Nevada City telecom ordinance to become effective within weeks
A new telecom ordinance for Nevada City, initially reported to be headed to a third reading, is instead weeks away from becoming effective.
Mayor Reinette Senum at the Sept. 26 council meeting said she wanted a workshop before the nonexistent third reading happened, which would give people more time to provide input.
“And this is a second reading, it’s not a third reading, so what I would suggest is that within this period in two weeks from the third reading that we have a workshop and come back more educated and more informed and we make our recommendations and try to get those put into the ordinance as soon as possible,” Senum said during the meeting.
No date for the public workshop has been set.
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According to Senum, she misspoke and knew there would be no third reading, adding that if changes were made the ordinance would have to return for a “second second reading, or a third second reading.”
City Attorney Hal DeGraw did mention minutes earlier that any changes made would force the ordinance back to a first reading before becoming official 30 days following the approval of the second reading.
No changes were made and the ordinance will become effective this month.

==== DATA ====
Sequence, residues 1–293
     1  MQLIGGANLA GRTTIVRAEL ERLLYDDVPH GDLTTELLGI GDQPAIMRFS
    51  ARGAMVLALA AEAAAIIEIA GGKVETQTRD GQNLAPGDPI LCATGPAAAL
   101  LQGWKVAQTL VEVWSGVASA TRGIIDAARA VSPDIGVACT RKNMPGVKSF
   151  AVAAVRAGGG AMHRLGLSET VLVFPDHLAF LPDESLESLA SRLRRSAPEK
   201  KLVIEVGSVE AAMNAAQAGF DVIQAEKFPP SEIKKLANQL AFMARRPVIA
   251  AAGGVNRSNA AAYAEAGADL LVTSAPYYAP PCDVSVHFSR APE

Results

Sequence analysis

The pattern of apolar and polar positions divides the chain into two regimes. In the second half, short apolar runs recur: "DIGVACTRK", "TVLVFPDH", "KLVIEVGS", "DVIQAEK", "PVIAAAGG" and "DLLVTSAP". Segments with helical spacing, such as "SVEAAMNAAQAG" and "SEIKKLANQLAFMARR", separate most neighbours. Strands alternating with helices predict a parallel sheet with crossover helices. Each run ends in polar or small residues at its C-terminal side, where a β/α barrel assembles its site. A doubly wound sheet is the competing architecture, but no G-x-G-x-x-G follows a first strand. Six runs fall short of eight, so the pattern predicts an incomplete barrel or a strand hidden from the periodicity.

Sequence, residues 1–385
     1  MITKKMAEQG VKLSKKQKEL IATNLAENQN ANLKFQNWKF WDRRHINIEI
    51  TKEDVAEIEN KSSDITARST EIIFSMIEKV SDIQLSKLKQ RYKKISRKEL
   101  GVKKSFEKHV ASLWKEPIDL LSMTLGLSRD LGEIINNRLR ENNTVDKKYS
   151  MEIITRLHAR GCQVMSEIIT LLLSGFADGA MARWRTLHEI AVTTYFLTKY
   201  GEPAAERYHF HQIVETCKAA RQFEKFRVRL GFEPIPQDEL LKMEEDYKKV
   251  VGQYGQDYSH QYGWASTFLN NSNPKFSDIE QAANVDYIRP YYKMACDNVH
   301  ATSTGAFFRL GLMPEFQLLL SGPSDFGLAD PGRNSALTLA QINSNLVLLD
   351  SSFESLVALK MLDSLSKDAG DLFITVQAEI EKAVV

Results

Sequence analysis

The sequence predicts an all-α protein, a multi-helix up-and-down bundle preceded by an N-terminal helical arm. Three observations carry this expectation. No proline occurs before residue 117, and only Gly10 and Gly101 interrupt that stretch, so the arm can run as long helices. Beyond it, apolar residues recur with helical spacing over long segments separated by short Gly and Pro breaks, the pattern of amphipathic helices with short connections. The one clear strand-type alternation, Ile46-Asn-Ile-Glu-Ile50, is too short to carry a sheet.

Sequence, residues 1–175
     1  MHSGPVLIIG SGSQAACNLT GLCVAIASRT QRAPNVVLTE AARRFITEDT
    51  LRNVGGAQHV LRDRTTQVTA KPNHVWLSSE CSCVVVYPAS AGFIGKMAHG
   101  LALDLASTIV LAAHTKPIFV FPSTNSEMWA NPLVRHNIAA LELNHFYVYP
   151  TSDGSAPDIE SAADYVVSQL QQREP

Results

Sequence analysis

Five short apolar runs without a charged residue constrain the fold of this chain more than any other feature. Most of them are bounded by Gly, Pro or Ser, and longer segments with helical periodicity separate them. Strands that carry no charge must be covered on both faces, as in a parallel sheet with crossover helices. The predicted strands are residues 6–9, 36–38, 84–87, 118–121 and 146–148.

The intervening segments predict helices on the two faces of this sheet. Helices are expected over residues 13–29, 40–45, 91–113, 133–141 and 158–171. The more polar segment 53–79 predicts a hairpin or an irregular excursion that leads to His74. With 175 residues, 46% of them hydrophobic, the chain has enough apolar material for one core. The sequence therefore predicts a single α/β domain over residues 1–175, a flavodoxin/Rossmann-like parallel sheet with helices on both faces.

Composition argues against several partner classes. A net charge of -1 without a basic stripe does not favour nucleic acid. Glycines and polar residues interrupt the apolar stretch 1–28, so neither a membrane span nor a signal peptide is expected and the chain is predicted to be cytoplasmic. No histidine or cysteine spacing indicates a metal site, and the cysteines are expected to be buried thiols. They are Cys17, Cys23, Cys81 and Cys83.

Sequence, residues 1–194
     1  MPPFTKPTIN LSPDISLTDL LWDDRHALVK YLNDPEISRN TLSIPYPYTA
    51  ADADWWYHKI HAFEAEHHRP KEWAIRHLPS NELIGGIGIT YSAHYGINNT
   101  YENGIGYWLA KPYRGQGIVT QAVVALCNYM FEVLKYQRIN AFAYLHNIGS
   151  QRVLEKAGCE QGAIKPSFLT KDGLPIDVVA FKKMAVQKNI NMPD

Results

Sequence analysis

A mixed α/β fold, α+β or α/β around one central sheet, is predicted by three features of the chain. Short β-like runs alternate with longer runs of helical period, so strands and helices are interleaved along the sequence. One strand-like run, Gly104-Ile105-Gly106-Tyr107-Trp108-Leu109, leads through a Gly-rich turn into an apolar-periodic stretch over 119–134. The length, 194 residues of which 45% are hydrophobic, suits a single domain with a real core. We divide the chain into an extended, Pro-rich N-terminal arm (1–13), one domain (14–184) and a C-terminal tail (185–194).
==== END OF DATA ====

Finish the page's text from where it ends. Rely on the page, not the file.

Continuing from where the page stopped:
City Manager Catrina Olson brought the mistake to The Union’s attention, saying it should have been corrected at the time but was not due to the contentious nature of the nearly four-hour meeting.
Olson also said the ordinance should not be referred to as a “5G ordinance” because it affects all wireless telecom facilities, not just 5G facilities. The focus from community members opposing the ordinance has been on the potential implementation of 5G.
According to Councilwoman Valerie Moberg, neither she nor any other council members thought there would be a third reading.
“I never heard of a third reading, so I wouldn’t have thought that,” Moberg said. “She’s been the mayor before so she knows there’s no third reading. It was getting confusing because if we had made any changes that night, it would have to go back to a first reading.”
Council members Duane Strawser, Erin Minett and David Parker couldn’t be reached for comment.
According to DeGraw, the first and second reading process gives the public the chance to know what will go in the ordinance upon second reading and adoption. Any changes between the readings would restart the process, forcing another first reading, and give the public enough notice to weigh in before the ordinance is adopted.
“The reason (the mistake) was a big deal was because the report kind of left it up in the air,” DeGraw said. “No matter how much controversy went on, they ultimately adopted it.”
DeGraw said he hadn’t heard Senum’s error but if he did, he would have corrected it.
Contact Staff Writer John Orona at firstname.lastname@example.org or 530-477-4229.
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